Difference Between Full and Limited Guardianship

Child and adult holding hands - Guardianship of a minor concept

When a person lacks the legal capacity to make decisions on their own behalf, they need someone who can make those decisions for them. Being under the age of 18 is such a legal incapacity. For most children, the decision maker is a parent. But if the parent isn’t available, or capable of making those decisions, the child needs a legal guardian. That person may have a full or limited guardianship. In this blog post, we’ll discuss the difference between full and limited guardianship in Michigan.

A guardian is a legal adult to whom the probate court has given responsibility for the personal and physical well-being of another person, known as the ward. A ward may be a legally incapacitated adult, but for purposes of this discussion, we’ll be talking only about full and limited guardianship of a minor.

Full Guardianship of a Minor in Michigan

A Michigan probate court can grant a full guardianship of a child to an adult with the interest in the minor’s welfare, usually a close relative. A parent, if living and competent to do so, may also consent to a full guardianship of their child.

Any interested person can petition the court for appointment of a guardian. That includes the child, if they are at least 14 years of age.

Circumstances in which a full guardian might be appointed include a suspension or termination of parental rights due to:

  • Death of the child’s parents
  • Death of the child’s custodial parent when the other parent does not have legal custody
  • Disappearance of the child’s parent(s)
  • Incarceration of the child’s parent(s)
  • A judicial determination of the mental incompetency of the parent(s)
  • Judgment of divorce or separate maintenance
  • Other court order (other than an order for a limited guardianship)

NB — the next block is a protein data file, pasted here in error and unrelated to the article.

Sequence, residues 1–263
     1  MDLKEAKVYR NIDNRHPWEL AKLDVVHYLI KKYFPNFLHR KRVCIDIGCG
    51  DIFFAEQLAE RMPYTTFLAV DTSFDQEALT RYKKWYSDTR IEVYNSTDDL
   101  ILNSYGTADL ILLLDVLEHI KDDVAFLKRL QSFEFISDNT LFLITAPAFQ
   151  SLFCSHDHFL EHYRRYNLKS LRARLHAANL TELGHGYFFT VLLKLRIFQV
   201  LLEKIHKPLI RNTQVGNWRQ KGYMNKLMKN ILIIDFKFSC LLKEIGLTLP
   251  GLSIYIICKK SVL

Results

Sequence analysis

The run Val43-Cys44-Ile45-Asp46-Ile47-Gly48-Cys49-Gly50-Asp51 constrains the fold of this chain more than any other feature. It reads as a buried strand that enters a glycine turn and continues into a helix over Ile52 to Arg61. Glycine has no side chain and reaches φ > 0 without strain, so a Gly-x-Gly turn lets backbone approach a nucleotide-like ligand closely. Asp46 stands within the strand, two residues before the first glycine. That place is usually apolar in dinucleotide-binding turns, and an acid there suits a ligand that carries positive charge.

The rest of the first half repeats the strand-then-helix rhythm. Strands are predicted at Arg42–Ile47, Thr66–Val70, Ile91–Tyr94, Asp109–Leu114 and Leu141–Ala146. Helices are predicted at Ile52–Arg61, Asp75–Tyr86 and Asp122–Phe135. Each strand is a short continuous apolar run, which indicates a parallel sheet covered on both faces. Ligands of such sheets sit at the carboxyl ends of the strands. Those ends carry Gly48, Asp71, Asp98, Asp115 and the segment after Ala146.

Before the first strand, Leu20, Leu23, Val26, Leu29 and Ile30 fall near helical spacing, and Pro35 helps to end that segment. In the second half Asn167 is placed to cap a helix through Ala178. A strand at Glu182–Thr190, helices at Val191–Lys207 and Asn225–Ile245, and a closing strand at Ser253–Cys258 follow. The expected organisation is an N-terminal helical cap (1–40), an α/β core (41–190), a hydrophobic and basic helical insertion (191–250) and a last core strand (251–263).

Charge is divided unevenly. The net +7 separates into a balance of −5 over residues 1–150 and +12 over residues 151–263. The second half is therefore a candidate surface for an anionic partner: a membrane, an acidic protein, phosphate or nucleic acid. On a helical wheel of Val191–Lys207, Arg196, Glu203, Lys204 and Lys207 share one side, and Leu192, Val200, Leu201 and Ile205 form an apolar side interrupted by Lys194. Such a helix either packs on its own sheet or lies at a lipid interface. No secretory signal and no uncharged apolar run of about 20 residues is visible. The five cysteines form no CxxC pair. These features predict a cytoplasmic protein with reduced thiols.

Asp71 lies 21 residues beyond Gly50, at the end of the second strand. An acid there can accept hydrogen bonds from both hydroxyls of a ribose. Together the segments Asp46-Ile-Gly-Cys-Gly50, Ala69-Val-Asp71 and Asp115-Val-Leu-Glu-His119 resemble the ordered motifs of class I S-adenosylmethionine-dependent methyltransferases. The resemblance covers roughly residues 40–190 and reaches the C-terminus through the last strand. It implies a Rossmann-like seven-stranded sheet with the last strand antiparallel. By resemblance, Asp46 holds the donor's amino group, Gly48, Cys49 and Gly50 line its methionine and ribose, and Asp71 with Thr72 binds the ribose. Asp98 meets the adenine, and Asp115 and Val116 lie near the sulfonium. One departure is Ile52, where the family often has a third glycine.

A full guardian of a minor in Michigan has the same rights and responsibilities as a parent: care, custody, and control of the minor child. They may decide where the child will live, what education and medical care they will receive, what religion (if any) they will be raised in, and make the numerous day-to-day decisions parents make, Guardians are not, however, obligated to support the child with their own funds; they may petition for the biological parent or parents to provide support for the child. A full guardianship may continue until the minor turns 18; the guardian must file annual reports with the court regarding the child’s well-being, and notify the court of any change in the child’s address within 14 days of the move.

Limited Guardianship of a Minor in Michigan

A limited guardianship is appropriate if the child’s parent or parents who have custody consent to the suspension or termination of their rights as parents and consent to have a guardian appointed. The probate court must consent to a placement plan that is submitted to the court with the petition for limited guardianship.

The placement plan must state the reason the parent or parents are seeking a limited guardianship for their child, as well as how long the proposed guardianship will be and who will be responsible for the child’s financial support. The placement plan must also provide for parenting time with the parents who are consenting to the guardianship. Particularly if the limited guardianship will be lengthy, the court or the parties may decide to modify the placement plans if needs change,

The phrase “limited guardianship” refers more to the intended duration of the guardianship than to its scope, but there are a few things limited guardians cannot do that full guardians can. Specifically, a limited guardian cannot consent to the marriage of the minor or adoption or to the release of the minor child for adoption.

Often, a limited guardianship represents formalized consent for an existing situation; for instance, a teenager who is having conflict with a parent might move in with a grandparent or aunt and uncle. The parent might consent to a limited guardianship in order to make it easier for the guardians to make decisions and take actions necessary to care for the child.

Legal Help for Michigan Limited Guardianship and Full Guardianship

Regardless of whether a limited or full guardianship is needed, guardianship often represents a challenging time in the lives of the people involved. Parental rights are being suspended or terminated, families are often under stress, and relationships and living arrangements may be changing.

The assistance of an experienced guardianship attorney can make the legal process more straightforward. If you have questions about full guardianship or limited guardianship of a minor in Michigan, please contact Suzanne R. Fanning, PLLC to schedule a consultation.

Categories: Guardianships